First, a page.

A political dynamic that features a restive Republican base and aggressive House and Senate freshman classes with tea party roots could present Congressional Republicans with unique challenges as the party’s presidential candidates become more vocal.
Some Republicans on the Hill are wary the GOP’s 2012 hopefuls may create a sense of false expectation among the party’s base regarding what they can accomplish given that the Democrats still control the Senate and the White House.
Not all in the party are concerned, arguing that political posturing to show leadership is typical presidential campaign behavior that will have little influence on how the GOP operates on Capitol Hill. But others, particularly House and Senate leaders, concede that public advice from the hopefuls on how to handle key issues could prove politically problematic.
Senate Republican Policy Committee Chairman John Thune — who contemplated a 2012 bid before declining to run — said GOP White House candidates’ assertions on how to address government spending, health care and other contentious policy issues might put unwarranted pressure on Congressional Republicans to deliver unachievable results.
“People’s expectations, I think, have to be realistic about what’s achievable,” the South Dakotan said. “There’s going to have to be on our end a recognition — and hopefully a recognition by people and our supporters out there [that] yes, we also share the same goals. ... We just have to figure out, how do you do that in a place which literally, for the most part, is still run by Democrats?”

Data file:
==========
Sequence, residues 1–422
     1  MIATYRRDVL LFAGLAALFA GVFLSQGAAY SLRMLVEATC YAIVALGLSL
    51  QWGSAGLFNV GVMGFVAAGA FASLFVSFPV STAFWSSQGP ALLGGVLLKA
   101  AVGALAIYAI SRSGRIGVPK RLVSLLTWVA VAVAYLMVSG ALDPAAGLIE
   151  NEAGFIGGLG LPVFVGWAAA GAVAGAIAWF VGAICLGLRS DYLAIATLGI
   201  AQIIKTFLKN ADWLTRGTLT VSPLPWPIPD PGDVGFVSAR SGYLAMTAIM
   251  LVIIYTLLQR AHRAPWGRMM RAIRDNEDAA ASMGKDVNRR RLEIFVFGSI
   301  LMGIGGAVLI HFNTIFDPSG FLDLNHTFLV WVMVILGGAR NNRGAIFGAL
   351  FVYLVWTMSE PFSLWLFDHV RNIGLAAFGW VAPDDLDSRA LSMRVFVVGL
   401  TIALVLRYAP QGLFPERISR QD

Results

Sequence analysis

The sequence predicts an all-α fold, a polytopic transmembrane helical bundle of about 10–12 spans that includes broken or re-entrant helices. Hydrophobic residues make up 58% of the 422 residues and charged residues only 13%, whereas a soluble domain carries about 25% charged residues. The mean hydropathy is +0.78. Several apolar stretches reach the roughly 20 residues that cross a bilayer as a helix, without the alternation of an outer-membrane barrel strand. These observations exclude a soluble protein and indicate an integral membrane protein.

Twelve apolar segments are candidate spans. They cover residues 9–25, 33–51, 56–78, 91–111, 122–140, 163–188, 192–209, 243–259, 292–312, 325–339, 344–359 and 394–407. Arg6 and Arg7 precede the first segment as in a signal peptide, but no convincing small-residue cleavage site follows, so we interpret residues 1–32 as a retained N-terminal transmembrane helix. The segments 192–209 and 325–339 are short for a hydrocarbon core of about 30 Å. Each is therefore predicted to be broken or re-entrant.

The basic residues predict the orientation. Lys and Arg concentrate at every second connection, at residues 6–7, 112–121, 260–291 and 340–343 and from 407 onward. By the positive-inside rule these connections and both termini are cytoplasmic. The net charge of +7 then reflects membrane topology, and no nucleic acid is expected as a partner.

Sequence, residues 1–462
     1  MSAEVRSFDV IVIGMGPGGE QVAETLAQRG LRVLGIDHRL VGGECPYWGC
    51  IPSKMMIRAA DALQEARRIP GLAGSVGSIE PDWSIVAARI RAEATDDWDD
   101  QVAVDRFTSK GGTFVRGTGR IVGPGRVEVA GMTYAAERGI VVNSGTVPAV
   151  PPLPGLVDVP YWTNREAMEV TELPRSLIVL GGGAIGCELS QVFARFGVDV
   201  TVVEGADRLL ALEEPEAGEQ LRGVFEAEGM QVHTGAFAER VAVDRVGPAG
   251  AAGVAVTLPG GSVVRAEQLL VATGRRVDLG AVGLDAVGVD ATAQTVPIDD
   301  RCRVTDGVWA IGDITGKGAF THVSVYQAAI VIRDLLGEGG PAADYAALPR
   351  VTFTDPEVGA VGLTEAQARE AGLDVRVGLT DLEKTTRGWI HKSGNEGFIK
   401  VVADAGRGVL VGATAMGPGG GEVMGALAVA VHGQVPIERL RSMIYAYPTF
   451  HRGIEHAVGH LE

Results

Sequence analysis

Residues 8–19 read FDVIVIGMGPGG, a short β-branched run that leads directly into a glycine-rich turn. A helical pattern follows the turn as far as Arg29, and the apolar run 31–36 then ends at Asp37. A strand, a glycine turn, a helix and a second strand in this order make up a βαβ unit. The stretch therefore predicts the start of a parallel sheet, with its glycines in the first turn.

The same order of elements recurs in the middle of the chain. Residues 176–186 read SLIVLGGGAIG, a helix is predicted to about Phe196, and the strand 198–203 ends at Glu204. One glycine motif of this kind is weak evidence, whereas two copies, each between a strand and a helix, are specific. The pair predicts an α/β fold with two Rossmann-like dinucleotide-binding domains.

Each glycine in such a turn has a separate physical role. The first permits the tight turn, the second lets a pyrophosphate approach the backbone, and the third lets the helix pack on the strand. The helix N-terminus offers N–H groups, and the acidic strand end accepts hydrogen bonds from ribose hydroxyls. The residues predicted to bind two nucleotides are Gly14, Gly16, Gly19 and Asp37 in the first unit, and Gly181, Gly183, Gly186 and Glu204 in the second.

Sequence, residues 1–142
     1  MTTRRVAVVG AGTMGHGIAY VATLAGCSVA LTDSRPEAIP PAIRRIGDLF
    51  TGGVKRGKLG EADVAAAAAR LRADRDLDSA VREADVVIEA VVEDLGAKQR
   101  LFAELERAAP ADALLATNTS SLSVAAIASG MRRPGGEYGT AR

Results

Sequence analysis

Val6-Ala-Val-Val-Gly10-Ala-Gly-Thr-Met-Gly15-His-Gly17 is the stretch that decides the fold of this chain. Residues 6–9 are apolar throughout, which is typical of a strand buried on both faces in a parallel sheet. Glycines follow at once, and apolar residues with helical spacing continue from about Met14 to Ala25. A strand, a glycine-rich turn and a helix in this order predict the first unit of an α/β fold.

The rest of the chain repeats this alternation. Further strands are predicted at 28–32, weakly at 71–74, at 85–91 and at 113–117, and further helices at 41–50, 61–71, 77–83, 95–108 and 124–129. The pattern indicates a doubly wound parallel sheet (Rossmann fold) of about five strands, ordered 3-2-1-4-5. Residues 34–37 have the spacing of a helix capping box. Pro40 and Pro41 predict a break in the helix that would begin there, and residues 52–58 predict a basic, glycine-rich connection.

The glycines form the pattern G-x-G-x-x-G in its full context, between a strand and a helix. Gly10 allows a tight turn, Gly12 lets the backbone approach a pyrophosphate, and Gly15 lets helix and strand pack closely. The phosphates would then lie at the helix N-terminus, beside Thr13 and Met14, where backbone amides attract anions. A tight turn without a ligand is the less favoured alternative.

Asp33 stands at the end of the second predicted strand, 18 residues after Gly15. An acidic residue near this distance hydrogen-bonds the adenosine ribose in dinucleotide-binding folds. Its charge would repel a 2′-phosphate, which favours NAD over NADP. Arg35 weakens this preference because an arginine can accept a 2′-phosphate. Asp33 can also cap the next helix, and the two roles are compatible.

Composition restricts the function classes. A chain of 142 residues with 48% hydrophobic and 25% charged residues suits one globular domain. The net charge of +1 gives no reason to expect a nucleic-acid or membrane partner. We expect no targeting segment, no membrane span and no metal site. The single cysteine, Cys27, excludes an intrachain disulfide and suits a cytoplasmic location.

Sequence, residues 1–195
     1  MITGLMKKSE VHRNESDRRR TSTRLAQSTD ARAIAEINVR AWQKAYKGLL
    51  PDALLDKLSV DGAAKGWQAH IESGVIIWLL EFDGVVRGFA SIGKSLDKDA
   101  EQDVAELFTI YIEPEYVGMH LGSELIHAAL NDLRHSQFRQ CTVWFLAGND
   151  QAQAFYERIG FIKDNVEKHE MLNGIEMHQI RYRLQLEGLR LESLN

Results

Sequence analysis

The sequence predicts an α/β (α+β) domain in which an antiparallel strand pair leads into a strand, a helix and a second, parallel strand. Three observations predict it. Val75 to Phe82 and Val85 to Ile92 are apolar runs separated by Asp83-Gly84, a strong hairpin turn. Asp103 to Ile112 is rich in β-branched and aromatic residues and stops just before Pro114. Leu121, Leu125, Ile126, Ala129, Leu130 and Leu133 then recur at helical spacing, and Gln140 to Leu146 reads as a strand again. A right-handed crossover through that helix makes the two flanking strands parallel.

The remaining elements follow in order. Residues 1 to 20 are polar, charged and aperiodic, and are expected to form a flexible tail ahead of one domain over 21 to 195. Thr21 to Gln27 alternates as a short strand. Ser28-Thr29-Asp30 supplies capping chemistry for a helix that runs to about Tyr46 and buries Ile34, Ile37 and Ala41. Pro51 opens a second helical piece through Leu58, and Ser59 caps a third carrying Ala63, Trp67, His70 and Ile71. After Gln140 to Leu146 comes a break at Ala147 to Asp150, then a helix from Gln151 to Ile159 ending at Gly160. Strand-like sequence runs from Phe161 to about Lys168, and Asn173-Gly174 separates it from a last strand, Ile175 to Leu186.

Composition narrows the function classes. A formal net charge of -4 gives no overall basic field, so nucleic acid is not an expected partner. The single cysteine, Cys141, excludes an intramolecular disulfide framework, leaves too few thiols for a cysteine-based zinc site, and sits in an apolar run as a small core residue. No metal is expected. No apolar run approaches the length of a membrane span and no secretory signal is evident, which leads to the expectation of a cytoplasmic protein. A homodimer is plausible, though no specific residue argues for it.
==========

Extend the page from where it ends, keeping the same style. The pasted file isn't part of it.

Since Republicans assumed control of the House in January, the GOP has worked to minimize expectations of what it can accomplish, emphasizing that Democrats still run the Senate and that President Barack Obama sits poised to veto conservative-minded legislation. That isn’t necessarily the message Republican activists are likely to hear from Republican presidential candidates over the next year.
House Chief Deputy Majority Whip Peter Roskam said GOP presidential candidates could be most useful to Congressional Republicans by focusing their attention on Obama and Senate Democrats.
“It’s helpful if they’re able to focus on areas that are realistic and make sense,” the Illinois Republican said.
Last week, during an interview with conservative talk radio host Hugh Hewitt, likely presidential candidate and former Speaker Newt Gingrich (R-Ga.) said House Republicans have been too timid in negotiations on the federal budget and other matters.
Gingrich, who is scheduled to speak to a private gathering of House Republican freshmen on Thursday, went on to recommend that Congressional Republicans insist that Obama agree to repeal the health care reform law in exchange for GOP support to raise the debt ceiling.